A summary of a classic Yeats poem
The poetry of Yeats often touches upon the idea of chucking it all away and heading off somewhere. In ‘Sailing to Byzantium’, one of his most popular poems, the ageing poet takes himself off to the Turkish city in search of spiritual fulfilment and retraining. But one of Yeats’s other best-known poems about moving on to another place is ‘The Lake Isle of Innsifree’, a poem which first appeared in Yeats’s 1893 collection The Rose, when Yeats was still a young man in his late twenties. What follows is the poem, along with some notes towards an analysis of its meaning the language.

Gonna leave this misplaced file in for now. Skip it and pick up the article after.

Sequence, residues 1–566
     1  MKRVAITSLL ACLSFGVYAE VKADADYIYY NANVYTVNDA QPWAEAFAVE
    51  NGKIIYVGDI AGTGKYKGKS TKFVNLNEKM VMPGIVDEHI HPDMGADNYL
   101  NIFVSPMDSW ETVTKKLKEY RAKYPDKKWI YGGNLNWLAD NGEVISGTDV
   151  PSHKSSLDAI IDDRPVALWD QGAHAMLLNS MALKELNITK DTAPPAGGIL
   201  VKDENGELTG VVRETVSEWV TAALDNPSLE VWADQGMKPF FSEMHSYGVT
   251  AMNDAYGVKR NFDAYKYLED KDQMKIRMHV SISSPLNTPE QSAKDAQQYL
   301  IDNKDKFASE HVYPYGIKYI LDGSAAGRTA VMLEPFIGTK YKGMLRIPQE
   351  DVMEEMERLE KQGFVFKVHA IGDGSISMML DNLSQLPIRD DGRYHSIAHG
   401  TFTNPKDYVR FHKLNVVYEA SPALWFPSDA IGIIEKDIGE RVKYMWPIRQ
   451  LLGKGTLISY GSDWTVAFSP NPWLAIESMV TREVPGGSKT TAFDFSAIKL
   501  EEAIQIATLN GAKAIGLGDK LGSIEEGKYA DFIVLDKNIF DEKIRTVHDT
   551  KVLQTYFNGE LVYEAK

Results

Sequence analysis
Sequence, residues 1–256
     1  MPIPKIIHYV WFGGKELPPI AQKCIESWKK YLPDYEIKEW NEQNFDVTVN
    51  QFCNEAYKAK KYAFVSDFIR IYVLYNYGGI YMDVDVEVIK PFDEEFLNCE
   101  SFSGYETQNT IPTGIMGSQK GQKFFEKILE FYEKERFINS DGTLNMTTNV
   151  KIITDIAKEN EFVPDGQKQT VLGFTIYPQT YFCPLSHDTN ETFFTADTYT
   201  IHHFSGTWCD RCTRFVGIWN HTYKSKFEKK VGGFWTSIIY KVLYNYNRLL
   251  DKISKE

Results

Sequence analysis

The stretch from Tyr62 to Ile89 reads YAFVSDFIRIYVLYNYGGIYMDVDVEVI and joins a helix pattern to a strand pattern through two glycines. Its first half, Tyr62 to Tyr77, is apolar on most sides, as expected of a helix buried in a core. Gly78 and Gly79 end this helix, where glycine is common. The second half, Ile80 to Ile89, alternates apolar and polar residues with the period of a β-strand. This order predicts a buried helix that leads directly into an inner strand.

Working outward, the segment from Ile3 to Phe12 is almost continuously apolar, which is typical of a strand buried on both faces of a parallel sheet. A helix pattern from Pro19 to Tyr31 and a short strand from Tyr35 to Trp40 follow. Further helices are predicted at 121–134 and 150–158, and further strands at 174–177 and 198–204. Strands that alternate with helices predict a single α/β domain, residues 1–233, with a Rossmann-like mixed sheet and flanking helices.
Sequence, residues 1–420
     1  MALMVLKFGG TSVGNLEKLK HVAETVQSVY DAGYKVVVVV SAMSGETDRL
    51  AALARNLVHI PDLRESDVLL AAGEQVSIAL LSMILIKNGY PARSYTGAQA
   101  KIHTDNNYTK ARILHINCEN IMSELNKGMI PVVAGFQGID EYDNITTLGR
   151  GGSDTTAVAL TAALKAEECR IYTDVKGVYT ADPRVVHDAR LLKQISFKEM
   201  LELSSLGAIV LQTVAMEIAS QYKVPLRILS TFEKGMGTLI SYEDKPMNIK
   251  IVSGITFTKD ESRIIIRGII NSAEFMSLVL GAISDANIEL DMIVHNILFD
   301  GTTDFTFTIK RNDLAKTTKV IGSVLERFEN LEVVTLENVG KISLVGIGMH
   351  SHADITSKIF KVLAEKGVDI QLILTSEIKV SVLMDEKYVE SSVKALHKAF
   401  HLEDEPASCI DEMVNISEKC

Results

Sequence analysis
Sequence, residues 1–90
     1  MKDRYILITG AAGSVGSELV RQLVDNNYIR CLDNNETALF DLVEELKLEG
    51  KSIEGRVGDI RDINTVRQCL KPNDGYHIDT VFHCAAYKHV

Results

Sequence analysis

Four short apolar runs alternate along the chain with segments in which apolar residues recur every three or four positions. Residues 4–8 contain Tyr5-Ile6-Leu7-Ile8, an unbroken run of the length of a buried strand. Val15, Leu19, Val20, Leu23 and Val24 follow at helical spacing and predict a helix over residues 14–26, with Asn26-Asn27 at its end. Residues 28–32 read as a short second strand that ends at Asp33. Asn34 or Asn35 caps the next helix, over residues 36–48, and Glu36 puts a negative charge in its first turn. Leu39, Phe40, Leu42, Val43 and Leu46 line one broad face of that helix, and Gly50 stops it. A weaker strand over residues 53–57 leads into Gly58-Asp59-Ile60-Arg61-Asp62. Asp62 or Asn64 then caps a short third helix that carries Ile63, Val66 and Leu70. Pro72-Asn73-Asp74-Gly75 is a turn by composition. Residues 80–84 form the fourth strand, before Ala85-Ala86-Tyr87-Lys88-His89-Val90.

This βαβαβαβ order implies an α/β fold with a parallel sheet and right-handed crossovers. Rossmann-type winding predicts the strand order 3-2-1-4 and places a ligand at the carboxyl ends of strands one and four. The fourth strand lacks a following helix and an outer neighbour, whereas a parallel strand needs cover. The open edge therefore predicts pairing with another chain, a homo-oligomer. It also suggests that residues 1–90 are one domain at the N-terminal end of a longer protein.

I will arise and go now, and go to Innisfree,
And a small cabin build there, of clay and wattles made;
Nine bean-rows will I have there, a hive for the honey-bee,
And live alone in the bee-loud glade.
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